Hey, we are Backslash. A cultural insight studio based in LA that’s powered by a global network of 250 Culture Spotters, and part of the TBWA collective. Every day we make a film reporting on culture to make our network and clients smarter about culture; you can watch some of them here. You can also follow us on Instagram.

Working with our top global Spotters, we have identified our Top 5 predictions or ‘pre-trends’ we see impacting culture in 2018. Part vision, part research, part expert interviews, all of our Pre-Trends are rooted in evolving cultural shifts we monitor over time, what we call our ‘Edges’.

Below is a summary of 5 Pre-Trends for 2018. Click here for the full report.

Meet the “Genetic Activists” — those who rally for treatment, recognition, and legislation based on their genetic profiles. As DNA technology empowers people to predict and manage their health care, they will rise up to demand solutions and pharmaceutical investment for the conditions they may not yet have.

Data Donation. Charity won’t just be about donating money, blood or plasma. DNA donation on an individual level will help researchers look at vast data pools to make connections between different genetic profiles at scale. Platforms like 23andMe are selling user data to research companies in an attempt to help them prioritize solving for certain disorders.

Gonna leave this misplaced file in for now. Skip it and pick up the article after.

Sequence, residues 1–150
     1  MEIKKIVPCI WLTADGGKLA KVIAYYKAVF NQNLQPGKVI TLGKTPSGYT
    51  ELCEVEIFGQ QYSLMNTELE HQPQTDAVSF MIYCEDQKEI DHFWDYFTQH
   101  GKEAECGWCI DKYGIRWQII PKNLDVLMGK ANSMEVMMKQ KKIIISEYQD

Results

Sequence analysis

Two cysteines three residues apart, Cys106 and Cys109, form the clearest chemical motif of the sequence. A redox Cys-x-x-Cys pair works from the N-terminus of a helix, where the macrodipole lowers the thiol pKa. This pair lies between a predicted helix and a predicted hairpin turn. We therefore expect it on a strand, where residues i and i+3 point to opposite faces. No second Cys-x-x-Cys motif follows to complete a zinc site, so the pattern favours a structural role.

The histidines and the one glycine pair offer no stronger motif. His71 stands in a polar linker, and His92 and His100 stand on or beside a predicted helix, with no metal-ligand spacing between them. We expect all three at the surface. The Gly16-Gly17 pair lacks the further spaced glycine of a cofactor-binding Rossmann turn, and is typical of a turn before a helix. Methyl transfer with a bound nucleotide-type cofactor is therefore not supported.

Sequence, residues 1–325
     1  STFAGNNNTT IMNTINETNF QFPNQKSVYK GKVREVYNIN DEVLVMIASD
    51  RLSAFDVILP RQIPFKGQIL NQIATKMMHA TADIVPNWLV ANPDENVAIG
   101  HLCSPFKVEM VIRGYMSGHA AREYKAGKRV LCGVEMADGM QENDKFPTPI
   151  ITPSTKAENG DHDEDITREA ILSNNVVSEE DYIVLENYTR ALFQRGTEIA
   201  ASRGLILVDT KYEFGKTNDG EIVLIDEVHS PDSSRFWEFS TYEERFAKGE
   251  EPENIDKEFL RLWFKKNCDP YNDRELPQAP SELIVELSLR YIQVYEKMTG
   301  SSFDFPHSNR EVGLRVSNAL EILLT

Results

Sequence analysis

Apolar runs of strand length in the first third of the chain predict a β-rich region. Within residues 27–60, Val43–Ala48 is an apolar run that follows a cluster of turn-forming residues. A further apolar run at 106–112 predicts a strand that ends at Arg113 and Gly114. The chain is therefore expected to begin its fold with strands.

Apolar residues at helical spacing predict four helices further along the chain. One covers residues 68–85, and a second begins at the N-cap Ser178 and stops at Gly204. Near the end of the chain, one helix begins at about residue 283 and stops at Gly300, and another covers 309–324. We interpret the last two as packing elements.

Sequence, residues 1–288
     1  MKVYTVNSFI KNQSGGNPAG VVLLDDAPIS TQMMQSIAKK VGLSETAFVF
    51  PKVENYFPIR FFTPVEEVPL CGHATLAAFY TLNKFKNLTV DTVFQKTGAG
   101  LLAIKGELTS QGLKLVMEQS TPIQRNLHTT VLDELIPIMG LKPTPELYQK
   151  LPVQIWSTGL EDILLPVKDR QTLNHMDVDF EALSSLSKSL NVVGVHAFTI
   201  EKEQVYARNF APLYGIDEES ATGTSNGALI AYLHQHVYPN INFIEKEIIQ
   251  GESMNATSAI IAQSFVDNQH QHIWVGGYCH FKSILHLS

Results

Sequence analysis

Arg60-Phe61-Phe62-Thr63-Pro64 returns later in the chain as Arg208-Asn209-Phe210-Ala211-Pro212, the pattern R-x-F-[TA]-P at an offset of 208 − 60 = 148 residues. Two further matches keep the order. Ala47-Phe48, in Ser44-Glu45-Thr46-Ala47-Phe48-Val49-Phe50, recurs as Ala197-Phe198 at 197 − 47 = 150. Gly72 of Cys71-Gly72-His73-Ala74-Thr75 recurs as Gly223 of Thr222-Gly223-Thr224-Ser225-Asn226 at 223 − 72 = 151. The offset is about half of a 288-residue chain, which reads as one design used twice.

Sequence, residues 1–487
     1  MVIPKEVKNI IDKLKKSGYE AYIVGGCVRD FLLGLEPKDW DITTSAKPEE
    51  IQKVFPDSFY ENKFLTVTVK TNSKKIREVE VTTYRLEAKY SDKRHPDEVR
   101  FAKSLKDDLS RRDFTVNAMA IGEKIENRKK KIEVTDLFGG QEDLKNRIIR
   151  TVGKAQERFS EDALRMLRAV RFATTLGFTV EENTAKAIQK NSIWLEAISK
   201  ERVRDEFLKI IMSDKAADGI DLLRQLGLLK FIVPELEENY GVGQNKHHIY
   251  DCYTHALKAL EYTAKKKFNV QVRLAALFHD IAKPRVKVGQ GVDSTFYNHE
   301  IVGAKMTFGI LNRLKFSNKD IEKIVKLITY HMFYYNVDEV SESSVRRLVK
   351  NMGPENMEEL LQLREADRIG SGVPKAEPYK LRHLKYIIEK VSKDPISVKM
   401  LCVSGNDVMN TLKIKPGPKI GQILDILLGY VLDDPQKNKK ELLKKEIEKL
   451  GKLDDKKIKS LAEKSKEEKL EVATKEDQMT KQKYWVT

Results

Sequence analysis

One platform to rule it all. Brands that connect data profiles together will spark new markets and economic opportunity. “A single tech giant may emerge as the one to connect all of our data together, and should already have hands in both the biometric and software space,” says Pfleiderer.

Brands become allies. Consumers will not only expect hyper-personalized products and services based on their DNA profiles, they will expect brands to rally on their behalf.

Super Senior Activists. Boomers are in the firing line for many genetic diseases as they age. We predict they will take increased control of their health, data and visibility needed to affect change. They were a generation of hippie activists in the 60s, and genetic activism may be their second wave.

“We live in a fantasy world and we need fantasy products to fill it,” says modern soothsayer Rolf Jensen. As the physical and online worlds blur, we predict the rise of computer-generated goods like lenses, filters and virtual designs created purely to be worn on social media. We call it “Vaporwear.”